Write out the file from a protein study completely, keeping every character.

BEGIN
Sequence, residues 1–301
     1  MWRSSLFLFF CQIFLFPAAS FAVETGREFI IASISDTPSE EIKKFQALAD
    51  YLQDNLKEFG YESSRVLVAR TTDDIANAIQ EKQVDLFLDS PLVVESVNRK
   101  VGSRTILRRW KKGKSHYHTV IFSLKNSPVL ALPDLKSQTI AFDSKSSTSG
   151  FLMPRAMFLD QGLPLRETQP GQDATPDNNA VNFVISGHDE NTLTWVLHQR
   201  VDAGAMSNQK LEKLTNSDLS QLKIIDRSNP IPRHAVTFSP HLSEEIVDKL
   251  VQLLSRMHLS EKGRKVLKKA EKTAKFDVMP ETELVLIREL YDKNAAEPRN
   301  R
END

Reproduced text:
Sequence, residues 1–301
     1  MWRSSLFLFF CQIFLFPAAS FAVETGREFI IASISDTPSE EIKKFQALAD
    51  YLQDNLKEFG YESSRVLVAR TTDDIANAIQ EKQVDLFLDS PLVVESVNRK
   101  VGSRTILRRW KKGKSHYHTV IFSLKNSPVL ALPDLKSQTI AFDSKSSTSG
   151  FLMPRAMFLD QGLPLRETQP GQDATPDNNA VNFVISGHDE NTLTWVLHQR
   201  VDAGAMSNQK LEKLTNSDLS QLKIIDRSNP IPRHAVTFSP HLSEEIVDKL
   251  VQLLSRMHLS EKGRKVLKKA EKTAKFDVMP ETELVLIREL YDKNAAEPRN
   301  R